Insulin in the brain may help regulate the hunger sensation and improve functional connectivity in certain cognitive brain regions as well as in the hippocampus and hypothalamus. This is the finding of a new ‚Scientific Reports’ study by researchers at the Helmholtz Zentrum München, partner in the German Center for Diabetes Research (DZD).
To better understand the mechanism of action of insulin, the researchers administered insulin intranasally to healthy young adults. Through the application of the hormone via a nasal spray, the blood-brain barrier is bypassed and the insulin reaches the brain directly. In the study, 25 lean, ten overweight and 12 obese participants “sniffed” insulin or the placebo. Brain activity was then visualized and recorded by means of a functional magnetic resonance imaging (fMRI) scan. The result in all study participants: Intranasal insulin improves functional connectivity in the prefrontal regions of the default-mode network (DMN), a group of brain regions that are activated when a person is at rest and is not performing any tasks. This region is central to cognitive processes. In addition, the functional connectivity between the DMN and the hippocampus as well as the hypothalamus is strengthened.
These changes in the brain also influence eating behavior and alter the relationship between adiposity and the hunger sensation. Actually, people with a lot of visceral adipose tissue** have an increased sensation of hunger. “Insulin-enhanced connectivity between the DMN and the hippocampus suppresses the relationship between adipose tissue and the subjective hunger feeling,” said Stephanie Kullmann, author of the study. The study participants felt less hunger after being administered intranasal insulin.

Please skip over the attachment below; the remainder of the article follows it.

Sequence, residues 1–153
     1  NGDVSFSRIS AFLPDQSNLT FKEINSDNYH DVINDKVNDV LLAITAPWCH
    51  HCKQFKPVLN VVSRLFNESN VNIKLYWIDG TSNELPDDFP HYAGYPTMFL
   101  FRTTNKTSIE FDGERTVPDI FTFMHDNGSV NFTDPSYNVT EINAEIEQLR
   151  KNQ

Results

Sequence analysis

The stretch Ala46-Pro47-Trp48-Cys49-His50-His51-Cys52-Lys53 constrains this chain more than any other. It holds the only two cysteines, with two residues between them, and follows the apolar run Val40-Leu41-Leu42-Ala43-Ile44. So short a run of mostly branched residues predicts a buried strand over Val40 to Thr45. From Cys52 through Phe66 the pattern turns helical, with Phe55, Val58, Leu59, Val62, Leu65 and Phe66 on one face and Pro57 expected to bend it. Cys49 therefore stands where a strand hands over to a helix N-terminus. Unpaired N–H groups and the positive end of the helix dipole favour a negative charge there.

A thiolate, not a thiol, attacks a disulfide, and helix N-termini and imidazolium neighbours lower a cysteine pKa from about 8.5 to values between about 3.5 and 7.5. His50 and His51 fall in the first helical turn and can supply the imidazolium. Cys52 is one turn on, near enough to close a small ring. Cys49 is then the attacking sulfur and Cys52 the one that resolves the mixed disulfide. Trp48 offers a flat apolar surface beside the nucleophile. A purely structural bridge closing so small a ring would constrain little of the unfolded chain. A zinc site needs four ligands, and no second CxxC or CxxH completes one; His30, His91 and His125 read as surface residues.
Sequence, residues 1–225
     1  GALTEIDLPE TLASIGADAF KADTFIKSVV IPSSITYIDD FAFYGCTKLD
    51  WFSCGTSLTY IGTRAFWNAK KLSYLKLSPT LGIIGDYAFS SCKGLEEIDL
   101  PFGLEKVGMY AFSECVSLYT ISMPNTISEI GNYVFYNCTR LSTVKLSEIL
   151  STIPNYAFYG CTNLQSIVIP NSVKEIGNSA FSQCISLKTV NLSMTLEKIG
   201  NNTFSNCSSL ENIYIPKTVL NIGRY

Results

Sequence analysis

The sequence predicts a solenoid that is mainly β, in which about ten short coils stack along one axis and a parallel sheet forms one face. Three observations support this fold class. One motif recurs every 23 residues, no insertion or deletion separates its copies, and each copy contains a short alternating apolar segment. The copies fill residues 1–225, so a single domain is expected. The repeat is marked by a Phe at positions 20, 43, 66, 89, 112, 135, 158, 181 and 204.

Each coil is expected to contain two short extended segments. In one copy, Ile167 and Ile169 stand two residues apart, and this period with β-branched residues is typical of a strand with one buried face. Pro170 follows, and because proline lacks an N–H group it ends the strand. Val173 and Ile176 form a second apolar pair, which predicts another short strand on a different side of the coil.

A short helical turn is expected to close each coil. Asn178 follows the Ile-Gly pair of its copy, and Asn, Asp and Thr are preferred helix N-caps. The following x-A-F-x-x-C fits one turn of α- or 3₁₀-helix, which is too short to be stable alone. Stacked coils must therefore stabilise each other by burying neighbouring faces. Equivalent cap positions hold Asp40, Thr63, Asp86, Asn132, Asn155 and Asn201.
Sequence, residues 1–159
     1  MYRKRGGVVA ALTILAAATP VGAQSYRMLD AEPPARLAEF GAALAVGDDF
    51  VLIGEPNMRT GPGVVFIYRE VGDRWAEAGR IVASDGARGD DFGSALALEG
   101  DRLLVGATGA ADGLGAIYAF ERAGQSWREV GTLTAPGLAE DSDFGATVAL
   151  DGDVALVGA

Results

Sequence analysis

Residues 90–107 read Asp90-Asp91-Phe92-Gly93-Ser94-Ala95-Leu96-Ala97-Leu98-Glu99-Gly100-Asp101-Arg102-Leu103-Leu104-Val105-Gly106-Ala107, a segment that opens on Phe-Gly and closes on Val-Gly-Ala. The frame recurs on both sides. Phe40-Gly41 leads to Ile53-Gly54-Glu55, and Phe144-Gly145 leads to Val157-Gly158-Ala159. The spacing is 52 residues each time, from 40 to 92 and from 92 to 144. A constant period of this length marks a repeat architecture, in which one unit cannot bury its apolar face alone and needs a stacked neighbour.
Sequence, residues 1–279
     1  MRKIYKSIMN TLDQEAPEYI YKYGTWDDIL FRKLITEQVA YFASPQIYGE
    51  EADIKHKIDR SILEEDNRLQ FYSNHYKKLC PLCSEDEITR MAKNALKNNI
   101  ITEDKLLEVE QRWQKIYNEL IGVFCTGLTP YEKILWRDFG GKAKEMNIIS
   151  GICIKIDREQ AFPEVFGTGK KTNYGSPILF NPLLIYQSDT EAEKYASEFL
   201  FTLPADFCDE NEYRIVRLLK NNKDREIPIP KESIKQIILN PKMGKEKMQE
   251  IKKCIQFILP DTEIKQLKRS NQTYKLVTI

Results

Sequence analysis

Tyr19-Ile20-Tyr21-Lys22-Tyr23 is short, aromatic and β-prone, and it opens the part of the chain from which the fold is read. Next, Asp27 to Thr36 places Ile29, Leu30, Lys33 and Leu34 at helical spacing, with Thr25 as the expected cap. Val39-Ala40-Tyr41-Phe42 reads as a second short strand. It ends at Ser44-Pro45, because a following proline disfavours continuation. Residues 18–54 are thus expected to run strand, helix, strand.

In addition, the scientists observed that insulin in the brain also improves the effect of the hormone in the body. Study participants with insulin-induced increased functional connectivity in the DMN have higher insulin sensitivity in the body. This counteracts obesity and type 2 diabetes.
The current results show that insulin in the brain – due to increased functional connectivity between cognitive and homeostatic regions – may help regulate eating behavior and facilitate weight loss.
* The hypothalamus is the supreme regulatory center for all vegetative and endocrine processes. The hypothalamus coordinates water and saline balance as well as blood pressure. It ensures the maintenance of the inner milieu (homeostasis) and regulates food intake.
** The fatty tissue on and especially in the abdomen is called visceral fat. It is stored in the free abdominal cavity and envelops the internal organs – especially the organs of the digestive system. There is a relationship between visceral adipose tissue and the subjective feeling of hunger.
Kullmann, S. et al. (2017): Intranasal insulin enhances brain functional connectivity mediating the relationship between adiposity and subjective feeling of hunger. Scientific Reports, DOI:10.1038/s41598-017-01907-w